Tuesday, March 07, 2006

ONE of you will live longer than you think: Staying in the Stock Market

A recent posting by my internet friend, Random Roger, pointed to a recent Wall Street Journal article that postulated that long-term interest rates might be held down by the number of aging boomers shifting a portion of their portfolios towards bonds and CDs, and away from the stock market.

While this might be true, only the uninformed pension-aged couple will do anything more than a modest move away from the stock market. For only through long-term growth - perhaps using quality divided paying stocks - like ones I recently highlighted over here - can you expect that long-term growth and growth in dividend payments be reasonably expected to offset the effects of inflation over a long retirement.

And that's partly because ONE of you will probably live longer than you think. A 65 year old male has an average mortality around 80, and a 65 year old female, 83. However, according to the Society of Actuaries, there's better than 45% chance that one of you will still be alive at 90, and a nearly a one in five chance that one of you will be alive at 95.

Now if you put a lot of your funds into bonds at age 70, then what do you think the chances are that you'll have much left some 25 years later? Unless it was a small (perhaps large?) fortune to begin with. And the averages also hide some other factors - it's reported that blue collar workers suffer 40% higher mortality in the years immediately following retirement, so if you're a white collar worker, you can expect you or your "sweetheart's" chances to survive to be even higher.

So if you're approaching your retirement years, or have already moved your portfolio this way, this is something you definitely should review and reconsider.


The Confused Capitalist


Anonymous said...

Dear CC,
I've been retired for 13 years and am 73. My health is good, but my wife's health (71)is even better. I have a pension from a blue chip corporation, but I elected to take the full pension when I retired because my wife had been a smoker and both of us agreed she would probably pre-decease me. Now we're not so sure.

If I die she will have to depend on Social Security and money from our IRAs. Tehe IRAs were quite large in March of 2000, but suffered a large decline untill March of 2003. (We were buy and hold investors and had most of our money in growth Mutual Funds.) Since then the IRAs have gained back about 50% of the losss. We now are 50% in fixed income and the rest in a more diversified funds. (Some value, some growth, some foreign, etc.) Since we are required to take out minimum distributions and we don't need the money to live on, we have been reinvesting the distributiuons into a fixed annuity that my wife can convert to a stream of income when needed. In addition, three years ago I took out a 10 year term life insurance policy for $400,000, which I believe will help her if I should die during that term. If the IRAs don't take another big hit and with the build up of the annuity we calculate she should be in good shape if I pre-decease her after we're in our eighties.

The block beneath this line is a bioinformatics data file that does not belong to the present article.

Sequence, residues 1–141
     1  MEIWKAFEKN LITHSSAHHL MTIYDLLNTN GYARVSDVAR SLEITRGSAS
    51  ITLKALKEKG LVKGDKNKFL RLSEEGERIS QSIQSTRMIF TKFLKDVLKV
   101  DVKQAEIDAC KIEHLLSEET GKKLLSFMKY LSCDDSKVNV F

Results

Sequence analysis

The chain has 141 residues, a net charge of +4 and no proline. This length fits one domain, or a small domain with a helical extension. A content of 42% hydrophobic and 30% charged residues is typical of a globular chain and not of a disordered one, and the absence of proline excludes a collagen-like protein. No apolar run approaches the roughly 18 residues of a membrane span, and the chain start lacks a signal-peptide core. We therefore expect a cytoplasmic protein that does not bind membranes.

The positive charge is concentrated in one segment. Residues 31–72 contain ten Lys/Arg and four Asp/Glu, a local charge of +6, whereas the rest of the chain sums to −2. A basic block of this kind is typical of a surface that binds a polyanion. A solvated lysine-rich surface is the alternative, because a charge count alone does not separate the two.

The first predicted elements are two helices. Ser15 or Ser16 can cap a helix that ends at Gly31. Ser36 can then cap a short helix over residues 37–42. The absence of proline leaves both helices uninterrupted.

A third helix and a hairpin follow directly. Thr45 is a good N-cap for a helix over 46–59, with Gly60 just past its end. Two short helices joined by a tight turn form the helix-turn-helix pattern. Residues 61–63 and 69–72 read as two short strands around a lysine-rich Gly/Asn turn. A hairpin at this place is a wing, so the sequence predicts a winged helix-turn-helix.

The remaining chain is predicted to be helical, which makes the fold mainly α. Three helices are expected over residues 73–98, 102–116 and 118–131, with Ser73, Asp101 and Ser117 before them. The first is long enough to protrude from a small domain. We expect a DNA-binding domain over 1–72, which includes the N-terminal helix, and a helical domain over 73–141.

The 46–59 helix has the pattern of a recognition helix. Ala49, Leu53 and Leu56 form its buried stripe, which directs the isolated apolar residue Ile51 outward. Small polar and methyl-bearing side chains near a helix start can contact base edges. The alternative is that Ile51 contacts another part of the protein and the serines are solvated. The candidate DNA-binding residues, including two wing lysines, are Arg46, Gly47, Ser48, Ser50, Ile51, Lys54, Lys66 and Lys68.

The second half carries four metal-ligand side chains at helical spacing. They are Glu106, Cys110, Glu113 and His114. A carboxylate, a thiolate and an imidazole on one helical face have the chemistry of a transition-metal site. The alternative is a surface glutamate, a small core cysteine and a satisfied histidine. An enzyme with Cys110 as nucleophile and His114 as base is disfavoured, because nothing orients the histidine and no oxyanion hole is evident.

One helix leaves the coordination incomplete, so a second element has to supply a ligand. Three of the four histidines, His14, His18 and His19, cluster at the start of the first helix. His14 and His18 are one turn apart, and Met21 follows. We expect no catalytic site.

Anyway, I thought I would share our solution to what may be a problem that other retirees may face.

Jay Walker said...

Dear Anon,

Thanks for sharing that with us - it sounds like you have worked out a good solution.

You might also want to consider some of the dividend paying stocks I highlighted in my "Leverage" series, starting in February, since past history has shown a good growth rate on the dividends, plus some capital appreciation, which nicely offsets the effect of inflation.

Overall, though you have found an elegant solution and thanks again for sharing that with us.